The challenges of managing a multigenerational workplace have come more sharply into focus as Generation Z enters the workforce, Millennials emerge as team leaders, and more Baby Boomers delay retirement. Generational stereotypes and workplace ageism are real issues, but a deft manager can head off discord by emphasizing common values and goals and cultivating a culture of appreciation and support, rather than internal competition.
We’ve outlined three key concepts that can help managers lead their teams more effectively, in turn keeping workers of all ages feeling fulfilled and inspired.
Check Your Communication Style
Without over-generalizing, have an understanding of the differences between the generations in terms of communication style and how they desire/handle feedback. Many Baby Boomers, for example, prefer in-person and more formal communication as opposed to email. They may also not receive feedback with a great deal of enthusiasm.
Alternatively, many Millennials communicate primarily through text messaging, so they might be more comfortable being candid about their work experiences in an electronic forum. Millennials also favor more informal check-ins and have expressed a desire for much more frequent, real-time performance reviews than their older peers.
Foster a Culture of Support
Many companies have found success with an intergenerational mentoring program — pairing up two workers who have similarities in some areas (projects, values, etc.) but whose level of expertise in other areas can complement a soft spot in their co-worker’s skill set.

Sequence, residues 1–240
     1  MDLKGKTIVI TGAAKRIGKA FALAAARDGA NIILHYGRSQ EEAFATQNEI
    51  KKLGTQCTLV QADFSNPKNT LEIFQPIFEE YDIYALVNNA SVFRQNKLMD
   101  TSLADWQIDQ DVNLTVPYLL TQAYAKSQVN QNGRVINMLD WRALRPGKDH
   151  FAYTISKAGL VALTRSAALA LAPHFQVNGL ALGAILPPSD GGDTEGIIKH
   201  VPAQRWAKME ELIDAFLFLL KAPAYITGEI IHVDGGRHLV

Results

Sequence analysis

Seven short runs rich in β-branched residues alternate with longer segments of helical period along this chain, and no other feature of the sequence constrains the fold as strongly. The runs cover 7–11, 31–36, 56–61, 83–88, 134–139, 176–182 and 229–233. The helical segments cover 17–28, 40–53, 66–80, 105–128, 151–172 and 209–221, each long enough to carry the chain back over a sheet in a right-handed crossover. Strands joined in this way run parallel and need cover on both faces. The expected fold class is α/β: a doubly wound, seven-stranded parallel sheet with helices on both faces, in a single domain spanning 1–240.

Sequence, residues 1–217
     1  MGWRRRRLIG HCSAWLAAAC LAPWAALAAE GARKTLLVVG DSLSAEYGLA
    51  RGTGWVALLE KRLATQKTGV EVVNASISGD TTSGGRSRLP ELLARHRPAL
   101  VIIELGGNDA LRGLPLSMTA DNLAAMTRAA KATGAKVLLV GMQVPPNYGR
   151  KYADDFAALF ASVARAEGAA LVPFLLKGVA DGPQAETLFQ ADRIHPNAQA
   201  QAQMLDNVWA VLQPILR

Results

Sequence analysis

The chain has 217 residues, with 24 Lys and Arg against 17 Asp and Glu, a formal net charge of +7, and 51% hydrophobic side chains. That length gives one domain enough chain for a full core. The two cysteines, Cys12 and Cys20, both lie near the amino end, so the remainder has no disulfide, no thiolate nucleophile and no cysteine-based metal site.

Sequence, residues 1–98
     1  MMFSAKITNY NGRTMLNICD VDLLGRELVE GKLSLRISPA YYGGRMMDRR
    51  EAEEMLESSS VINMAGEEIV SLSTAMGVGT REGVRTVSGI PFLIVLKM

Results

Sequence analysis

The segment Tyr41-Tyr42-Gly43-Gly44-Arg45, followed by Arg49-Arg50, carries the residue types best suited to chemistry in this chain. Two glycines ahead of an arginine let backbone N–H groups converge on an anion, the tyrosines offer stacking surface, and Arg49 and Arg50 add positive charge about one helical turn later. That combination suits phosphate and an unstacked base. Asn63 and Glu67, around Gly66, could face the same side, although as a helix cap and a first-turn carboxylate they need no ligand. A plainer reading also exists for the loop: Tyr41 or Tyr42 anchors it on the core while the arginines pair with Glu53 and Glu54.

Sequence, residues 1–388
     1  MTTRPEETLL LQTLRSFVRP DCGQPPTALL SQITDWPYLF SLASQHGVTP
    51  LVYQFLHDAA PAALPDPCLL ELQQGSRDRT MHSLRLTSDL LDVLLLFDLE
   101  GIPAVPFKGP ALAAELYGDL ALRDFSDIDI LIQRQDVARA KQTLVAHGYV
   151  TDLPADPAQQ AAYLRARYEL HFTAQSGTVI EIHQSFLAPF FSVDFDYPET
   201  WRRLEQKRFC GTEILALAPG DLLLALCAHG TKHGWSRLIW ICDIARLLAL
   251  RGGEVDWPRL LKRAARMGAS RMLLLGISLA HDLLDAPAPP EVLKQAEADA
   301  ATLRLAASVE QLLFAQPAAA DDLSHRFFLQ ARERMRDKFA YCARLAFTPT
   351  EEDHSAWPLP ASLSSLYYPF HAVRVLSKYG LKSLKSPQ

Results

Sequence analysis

For example, do you have a Baby Boomer who needs someone to go in-depth with them regarding your project management software, or apps your company uses? How about a Millennial who could use a model for executive behavior? Peer leadership programs can be incredibly productive for finding and building common ground across age differences.
Show, Give, and Receive Appreciation
Of course, bonuses and promotions aren’t the only ways to make employees feel valued. In order to cut down on hours spent navigating office politics, work actively with your team to foster a culture of support and appreciation.
When an action is recognized positively, that action is then repeated. Think of every act of appreciation as a stepping stone down a new path of possibilities and productivity.
Further, employees who feel recognized and supported in their growth by their managers and peers will go on to build stronger professional relationships. Actively promoting this type of positive engagement is key to growing a positive, collaborative, and productive working environment.
A workplace that spans the generations is a huge asset when managers leverage the breadth of knowledge available. The keys to success lie in being flexible with communication styles, an openness to learning and mentorship, and dedication to a culture of support and appreciation. These are relatively small investments that can pay vast dividends for employers in fostering a harmonious work environment for all.